Learning tips

Learning a second language isn’t easy especially if you are an adult. You may certainly feel mental blocks, frustration, lack of aptitude, lack of memory for learning new words and structures… but, don’t worry it is normal to feel that way. Most people can learn a second language, if they are willing to put in the necessary time and effort. Here you will find some practical suggestions.
STUDY EVERY DAY. Studying a foreign language is different from any other subject you study. Language learning is cumulative, and frequent practice is the only solution to remember and incorporate new structures and vocabulary. Try to have contact with the language every day, at least 20 minutes per day (listen to a podcast, watch a You Tube video in spanish, read something, etc).
ATTEND AND PARTICIPATE IN CLASS WITHOUT FAIL — even if you are not well prepared. Class time is your primary opportunity for practice. Learn the grammar and vocabulary outside of class in order to make the most of class time.
LEARN HOW TO USE WHAT YOU KNOW. Speaking a language is the combination of learning grammar, vocabulary, pronunciation and the proper social use of the language.
DEVELOP A GOOD ATTITUDE. Have a clear personal reason for learning the language. Set personal goals for what you want to learn.
DON`T PRETEND TO SPEAK CORRECTLY ALL THE TIME.Leave perfectionism at the door; give yourself permission to make mistakes and learn from them. Give yourself permission to be spontaneous and to take risks. Sometimes it is more important to be fluent when speaking than having everything grammatically correct. Argentines like to talk a lot and are impatient, they won’t wait for you to say everything correctly, they expect you to just talk, so do it, they won´t mind at all if you make mistakes.
SPEAK AND PRACTICE!!! Although many Argentines know English and will try to use you to practice their English, use them you instead for practicing your Spanish. Ask them to have the conversations in Spanish, and to correct you when you make mistakes.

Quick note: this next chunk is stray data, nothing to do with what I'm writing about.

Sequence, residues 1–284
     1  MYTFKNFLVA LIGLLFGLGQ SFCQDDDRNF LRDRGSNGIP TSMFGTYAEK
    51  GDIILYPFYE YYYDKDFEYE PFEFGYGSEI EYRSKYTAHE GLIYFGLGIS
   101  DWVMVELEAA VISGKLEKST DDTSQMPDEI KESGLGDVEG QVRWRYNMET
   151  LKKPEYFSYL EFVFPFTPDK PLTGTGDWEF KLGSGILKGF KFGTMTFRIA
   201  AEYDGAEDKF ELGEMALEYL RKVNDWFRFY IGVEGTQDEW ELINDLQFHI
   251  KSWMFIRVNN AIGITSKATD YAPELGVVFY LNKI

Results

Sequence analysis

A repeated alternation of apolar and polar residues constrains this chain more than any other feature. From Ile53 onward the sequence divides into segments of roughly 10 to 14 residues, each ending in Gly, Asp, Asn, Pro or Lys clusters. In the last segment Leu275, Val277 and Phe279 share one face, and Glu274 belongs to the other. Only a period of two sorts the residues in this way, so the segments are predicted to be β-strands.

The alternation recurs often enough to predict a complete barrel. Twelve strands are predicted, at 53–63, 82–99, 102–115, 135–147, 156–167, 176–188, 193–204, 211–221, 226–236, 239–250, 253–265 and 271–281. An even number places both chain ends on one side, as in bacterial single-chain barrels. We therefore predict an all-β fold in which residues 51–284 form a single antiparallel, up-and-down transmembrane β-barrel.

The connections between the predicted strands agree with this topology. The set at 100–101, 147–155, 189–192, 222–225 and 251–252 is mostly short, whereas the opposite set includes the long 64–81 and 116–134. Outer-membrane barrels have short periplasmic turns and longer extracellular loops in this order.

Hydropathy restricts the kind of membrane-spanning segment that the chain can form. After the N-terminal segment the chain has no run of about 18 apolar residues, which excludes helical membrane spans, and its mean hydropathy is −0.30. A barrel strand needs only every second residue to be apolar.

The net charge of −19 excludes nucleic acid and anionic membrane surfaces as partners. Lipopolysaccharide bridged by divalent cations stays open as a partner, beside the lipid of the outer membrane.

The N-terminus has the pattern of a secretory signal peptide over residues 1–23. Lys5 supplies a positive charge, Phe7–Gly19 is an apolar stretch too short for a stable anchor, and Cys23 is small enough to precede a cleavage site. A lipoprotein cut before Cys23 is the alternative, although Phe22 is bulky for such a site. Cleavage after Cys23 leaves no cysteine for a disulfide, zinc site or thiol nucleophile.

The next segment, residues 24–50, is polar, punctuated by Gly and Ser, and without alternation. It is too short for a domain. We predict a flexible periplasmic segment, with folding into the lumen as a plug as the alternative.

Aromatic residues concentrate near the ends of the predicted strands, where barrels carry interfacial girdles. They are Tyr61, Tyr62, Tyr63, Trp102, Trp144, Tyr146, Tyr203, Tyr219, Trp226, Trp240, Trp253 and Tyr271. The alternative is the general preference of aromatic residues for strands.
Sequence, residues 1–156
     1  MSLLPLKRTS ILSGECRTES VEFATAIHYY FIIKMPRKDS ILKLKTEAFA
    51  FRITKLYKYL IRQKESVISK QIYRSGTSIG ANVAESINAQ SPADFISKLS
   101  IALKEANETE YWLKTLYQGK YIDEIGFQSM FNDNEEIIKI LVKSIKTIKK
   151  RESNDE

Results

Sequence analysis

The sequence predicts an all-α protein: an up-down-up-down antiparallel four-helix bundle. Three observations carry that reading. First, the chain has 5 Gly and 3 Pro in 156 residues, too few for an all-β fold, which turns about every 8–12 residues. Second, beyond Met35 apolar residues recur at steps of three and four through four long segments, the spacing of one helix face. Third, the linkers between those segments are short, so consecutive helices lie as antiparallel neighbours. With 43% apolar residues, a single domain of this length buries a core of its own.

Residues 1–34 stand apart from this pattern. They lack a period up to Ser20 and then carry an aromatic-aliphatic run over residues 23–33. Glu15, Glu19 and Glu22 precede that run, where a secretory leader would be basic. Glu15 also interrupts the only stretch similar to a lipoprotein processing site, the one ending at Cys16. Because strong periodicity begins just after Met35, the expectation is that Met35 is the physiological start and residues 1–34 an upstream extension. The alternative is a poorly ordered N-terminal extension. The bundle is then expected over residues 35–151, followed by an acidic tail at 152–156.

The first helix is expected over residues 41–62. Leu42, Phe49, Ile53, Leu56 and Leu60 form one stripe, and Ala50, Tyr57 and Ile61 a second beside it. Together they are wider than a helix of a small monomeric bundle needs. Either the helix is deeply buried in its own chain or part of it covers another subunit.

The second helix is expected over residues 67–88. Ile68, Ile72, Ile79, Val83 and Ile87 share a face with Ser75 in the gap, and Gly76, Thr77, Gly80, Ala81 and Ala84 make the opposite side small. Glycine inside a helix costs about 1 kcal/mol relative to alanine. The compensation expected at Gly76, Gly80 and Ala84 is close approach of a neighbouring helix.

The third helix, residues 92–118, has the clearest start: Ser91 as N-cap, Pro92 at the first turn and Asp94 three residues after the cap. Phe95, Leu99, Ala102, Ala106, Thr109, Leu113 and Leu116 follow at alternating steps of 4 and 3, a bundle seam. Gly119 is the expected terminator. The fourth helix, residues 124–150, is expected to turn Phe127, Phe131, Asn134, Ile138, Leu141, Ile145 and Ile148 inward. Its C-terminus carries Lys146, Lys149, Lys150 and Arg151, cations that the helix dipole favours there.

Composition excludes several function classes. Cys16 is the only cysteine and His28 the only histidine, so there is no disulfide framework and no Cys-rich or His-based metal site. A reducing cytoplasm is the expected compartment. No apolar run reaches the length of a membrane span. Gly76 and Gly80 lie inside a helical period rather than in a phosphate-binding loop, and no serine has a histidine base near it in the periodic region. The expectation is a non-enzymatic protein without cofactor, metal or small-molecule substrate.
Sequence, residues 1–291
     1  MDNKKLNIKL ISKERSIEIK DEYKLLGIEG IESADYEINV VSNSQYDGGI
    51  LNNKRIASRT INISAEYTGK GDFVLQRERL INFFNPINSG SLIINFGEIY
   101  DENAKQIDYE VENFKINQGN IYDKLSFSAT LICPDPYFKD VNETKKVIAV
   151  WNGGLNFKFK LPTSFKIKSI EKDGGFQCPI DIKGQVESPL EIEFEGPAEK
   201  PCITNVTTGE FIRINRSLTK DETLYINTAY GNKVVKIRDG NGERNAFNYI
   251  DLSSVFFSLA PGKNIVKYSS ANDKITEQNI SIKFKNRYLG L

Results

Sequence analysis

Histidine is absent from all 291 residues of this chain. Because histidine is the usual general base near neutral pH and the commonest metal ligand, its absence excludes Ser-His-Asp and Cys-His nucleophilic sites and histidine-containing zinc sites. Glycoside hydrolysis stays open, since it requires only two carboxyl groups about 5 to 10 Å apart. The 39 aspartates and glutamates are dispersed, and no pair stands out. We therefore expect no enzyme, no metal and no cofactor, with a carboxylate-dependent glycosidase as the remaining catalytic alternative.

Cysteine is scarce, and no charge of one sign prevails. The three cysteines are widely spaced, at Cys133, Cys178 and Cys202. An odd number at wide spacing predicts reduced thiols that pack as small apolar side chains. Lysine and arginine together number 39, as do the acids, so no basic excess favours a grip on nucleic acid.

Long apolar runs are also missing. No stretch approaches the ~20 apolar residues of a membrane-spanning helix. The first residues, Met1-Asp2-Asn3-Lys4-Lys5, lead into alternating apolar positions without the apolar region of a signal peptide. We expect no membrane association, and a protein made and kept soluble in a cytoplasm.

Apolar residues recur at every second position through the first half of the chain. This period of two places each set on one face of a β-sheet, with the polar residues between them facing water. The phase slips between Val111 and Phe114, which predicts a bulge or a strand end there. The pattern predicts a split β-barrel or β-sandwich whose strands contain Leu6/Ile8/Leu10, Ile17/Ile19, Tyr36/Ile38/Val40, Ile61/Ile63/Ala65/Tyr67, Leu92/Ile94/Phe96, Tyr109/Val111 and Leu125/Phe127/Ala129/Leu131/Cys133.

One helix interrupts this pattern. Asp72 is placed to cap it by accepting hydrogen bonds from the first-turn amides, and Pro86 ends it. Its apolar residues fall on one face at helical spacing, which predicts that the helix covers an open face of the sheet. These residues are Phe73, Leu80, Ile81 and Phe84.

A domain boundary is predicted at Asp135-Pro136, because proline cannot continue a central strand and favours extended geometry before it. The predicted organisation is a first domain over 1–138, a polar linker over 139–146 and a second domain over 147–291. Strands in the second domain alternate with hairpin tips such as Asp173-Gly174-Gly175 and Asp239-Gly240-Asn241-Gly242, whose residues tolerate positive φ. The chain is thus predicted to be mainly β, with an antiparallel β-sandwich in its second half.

READING AND WRITING are good habits to help you memorize vocabulary, grammar structures, word gender, etc.
AVOID WORD TO WORD TRANSLATION: try to understand the general meaning of what you read or hear.
MAKE THE MOST OF BEING IN A SPANISH SPEAKING COUNTRY: talk to people, watch TV and DVDs in Spanish, read the newspapers, ads, books, and anything else that comes your way; listen to the radio, and to Spanish speakers’ conversations.
USE A NOTEBOOK: use a little pad to write down any new word you learn, read or listen to during your day, to look at it in the dictionary or ask a friend the meaning. Write down any phrase native speakers use frequently and that may be useful to you.
EXCELLENT INVENTION TO PRACTICE A LANGUAGE: MOVIES ON DVD!!! Watch DVDs of Argentine movies, or any movie spoken in Spanish. If it is hard for you to understand the whole movie in Spanish put subtitles in Spanish too. After watching the movie, you can select scenes to watch without subtitles to see what you can understand, then put on Spanish or English subtitles. Pay attention to any new vocabulary, grammar structure, and pronunciation.
PRACTICE PRONUNCIATION, by studying out loud. Mimic the sounds of the language. Don’t mumble. Although most people feel embarrassed making strange sounds, the language will soon feel more familiar to you.